Back when the school was open 1908-1960 it was a wide open expanse with little to revive the outlook, and it is still much the same today - a concrete plinth in the corner of a crop paddock. What surprised me was the swathe of grape hyacinths in the gutter of the road verges. The hardy little bulbs still emerging after more than 50 years of abandonment.
|Grape hyacinths and a few capeweed daisies|
I've come across a number of bulbs that emerge each year, typically jonquils, belladonna lilies or nerines at abandoned schools and homes, and also more rarely the beautiful yellow Autumn crocus found at both Ellam (1927-1970s) and Sandsmere (1887-1951) school sites.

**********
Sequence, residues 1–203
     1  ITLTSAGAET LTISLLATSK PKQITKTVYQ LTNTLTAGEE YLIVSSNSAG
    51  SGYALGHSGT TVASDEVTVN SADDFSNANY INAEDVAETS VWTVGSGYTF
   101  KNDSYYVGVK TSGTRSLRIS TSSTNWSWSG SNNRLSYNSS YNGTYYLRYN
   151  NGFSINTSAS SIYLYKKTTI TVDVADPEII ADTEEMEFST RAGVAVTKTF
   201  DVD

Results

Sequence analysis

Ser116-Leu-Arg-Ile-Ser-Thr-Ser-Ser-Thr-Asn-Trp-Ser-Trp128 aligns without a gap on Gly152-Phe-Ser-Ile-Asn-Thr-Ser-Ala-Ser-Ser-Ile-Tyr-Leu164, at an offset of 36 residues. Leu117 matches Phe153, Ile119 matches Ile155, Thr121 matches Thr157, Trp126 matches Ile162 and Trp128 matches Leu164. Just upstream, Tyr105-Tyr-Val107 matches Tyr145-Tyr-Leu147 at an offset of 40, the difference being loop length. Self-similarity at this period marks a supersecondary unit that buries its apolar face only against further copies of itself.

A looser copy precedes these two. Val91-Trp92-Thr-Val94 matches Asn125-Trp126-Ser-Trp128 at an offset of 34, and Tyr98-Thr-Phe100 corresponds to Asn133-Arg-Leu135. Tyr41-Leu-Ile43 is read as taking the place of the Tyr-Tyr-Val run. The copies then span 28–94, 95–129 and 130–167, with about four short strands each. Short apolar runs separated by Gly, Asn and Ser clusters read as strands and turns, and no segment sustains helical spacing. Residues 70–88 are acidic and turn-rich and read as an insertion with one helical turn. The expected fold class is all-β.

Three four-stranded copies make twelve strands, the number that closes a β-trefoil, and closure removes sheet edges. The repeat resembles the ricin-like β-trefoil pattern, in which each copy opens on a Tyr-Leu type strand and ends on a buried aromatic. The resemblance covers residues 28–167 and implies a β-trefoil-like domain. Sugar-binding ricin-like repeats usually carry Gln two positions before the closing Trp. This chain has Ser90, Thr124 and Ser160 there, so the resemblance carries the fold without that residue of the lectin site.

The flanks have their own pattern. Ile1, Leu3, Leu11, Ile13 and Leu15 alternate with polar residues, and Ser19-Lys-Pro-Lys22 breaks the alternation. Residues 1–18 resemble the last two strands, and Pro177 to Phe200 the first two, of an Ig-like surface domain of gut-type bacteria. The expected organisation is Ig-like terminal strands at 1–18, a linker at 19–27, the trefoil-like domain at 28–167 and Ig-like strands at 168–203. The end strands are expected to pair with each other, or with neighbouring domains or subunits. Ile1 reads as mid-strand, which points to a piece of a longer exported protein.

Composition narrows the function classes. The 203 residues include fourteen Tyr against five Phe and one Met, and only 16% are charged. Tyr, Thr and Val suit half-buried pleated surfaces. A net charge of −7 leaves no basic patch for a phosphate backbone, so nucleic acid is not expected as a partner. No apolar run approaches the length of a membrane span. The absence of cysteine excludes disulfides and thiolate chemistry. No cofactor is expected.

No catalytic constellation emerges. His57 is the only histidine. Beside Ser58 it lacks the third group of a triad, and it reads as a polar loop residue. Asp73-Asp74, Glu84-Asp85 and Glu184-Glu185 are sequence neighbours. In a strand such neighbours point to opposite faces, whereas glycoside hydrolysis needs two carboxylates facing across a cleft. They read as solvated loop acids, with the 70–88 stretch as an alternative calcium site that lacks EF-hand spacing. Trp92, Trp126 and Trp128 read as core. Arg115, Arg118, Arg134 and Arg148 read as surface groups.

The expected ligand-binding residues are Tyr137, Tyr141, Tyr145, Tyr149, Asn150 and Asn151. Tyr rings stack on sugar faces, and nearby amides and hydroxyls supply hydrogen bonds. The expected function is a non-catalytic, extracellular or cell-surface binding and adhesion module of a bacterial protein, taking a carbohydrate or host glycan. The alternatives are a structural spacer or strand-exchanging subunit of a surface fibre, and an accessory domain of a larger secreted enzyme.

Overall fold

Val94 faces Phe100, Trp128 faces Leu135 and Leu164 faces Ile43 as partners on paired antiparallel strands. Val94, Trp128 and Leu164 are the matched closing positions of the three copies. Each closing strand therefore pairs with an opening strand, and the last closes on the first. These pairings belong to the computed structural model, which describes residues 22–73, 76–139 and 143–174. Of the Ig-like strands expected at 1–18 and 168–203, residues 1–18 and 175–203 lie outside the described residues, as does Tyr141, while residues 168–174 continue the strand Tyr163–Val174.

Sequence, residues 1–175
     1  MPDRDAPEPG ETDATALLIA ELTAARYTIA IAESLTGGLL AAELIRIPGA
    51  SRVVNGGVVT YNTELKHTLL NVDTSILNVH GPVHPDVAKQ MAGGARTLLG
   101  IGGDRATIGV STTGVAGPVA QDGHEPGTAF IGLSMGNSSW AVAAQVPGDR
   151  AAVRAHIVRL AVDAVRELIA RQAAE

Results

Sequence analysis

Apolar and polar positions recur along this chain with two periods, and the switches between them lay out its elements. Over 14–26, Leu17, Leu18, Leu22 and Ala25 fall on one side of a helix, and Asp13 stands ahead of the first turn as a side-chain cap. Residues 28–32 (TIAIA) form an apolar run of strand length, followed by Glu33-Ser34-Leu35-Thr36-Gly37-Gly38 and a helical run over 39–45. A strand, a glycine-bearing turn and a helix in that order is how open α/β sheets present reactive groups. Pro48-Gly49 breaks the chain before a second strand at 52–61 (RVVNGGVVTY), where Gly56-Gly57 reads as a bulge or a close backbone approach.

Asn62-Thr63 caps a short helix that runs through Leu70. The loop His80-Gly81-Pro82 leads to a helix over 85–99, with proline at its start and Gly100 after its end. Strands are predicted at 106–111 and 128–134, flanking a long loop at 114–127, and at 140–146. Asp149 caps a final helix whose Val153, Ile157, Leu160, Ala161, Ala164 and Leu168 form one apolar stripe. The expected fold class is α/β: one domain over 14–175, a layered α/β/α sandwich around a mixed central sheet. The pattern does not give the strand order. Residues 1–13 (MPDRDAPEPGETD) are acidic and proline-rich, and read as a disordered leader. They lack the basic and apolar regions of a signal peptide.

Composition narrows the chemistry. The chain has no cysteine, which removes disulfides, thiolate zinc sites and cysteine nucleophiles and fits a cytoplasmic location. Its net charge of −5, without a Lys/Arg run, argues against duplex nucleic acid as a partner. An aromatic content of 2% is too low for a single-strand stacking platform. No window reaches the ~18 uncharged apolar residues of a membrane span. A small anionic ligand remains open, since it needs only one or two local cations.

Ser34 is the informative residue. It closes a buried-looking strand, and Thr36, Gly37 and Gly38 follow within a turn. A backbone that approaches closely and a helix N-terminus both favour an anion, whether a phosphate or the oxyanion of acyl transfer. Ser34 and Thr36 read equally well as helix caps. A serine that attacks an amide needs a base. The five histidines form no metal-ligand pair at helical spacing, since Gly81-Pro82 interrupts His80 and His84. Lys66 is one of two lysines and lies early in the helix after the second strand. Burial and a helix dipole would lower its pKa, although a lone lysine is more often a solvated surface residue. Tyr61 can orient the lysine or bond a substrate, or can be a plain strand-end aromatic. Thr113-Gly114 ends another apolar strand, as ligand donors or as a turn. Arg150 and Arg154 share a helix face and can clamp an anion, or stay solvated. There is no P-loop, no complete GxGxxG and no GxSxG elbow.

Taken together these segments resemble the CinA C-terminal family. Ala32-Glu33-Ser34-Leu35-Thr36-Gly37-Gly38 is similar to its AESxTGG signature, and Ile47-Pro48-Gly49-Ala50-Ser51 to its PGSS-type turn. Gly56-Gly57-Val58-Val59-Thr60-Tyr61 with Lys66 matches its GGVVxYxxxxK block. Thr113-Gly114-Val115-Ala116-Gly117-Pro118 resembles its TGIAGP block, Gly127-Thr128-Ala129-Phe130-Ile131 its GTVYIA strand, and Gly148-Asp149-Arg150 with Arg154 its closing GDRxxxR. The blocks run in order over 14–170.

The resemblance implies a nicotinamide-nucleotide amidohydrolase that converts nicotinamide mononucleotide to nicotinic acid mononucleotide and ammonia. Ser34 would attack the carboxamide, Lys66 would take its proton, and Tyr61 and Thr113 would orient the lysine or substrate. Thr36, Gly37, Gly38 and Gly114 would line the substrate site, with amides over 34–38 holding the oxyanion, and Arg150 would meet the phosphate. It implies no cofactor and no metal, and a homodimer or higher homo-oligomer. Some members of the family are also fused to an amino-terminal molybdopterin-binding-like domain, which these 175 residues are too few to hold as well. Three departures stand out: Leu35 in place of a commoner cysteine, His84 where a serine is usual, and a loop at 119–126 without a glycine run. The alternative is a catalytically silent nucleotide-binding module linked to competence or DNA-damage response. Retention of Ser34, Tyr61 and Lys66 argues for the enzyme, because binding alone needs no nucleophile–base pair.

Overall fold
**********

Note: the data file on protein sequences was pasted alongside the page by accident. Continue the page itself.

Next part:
|A clump of Autumn crocus at Ellam|
As well as a number of perennial plants: these two were found at the older Tooan site (1882-1969) overlooking St Mary's Lake.
The site is surrounded by sugar gums, a few pines, and a herbacous plant crowding the window, and clumps of jonquils and daffodils each spring.
The newer Highway site has a mammoth flowering cacti.
Usually you can guess at the location of a school by larger plants: sugar gums, pepper trees, and strangely - cactus/cacti.
|Boyeo School has all three|
At the Miram North East school (which featured in “Mad as rabbits”, no relationship that I can see) it is a succulent that has been running amuck since 1933, constrained it would be a great pot-plant.
|Miram North East school site|
|The Lake Hindmarsh marker surrounded by an overgrown garden|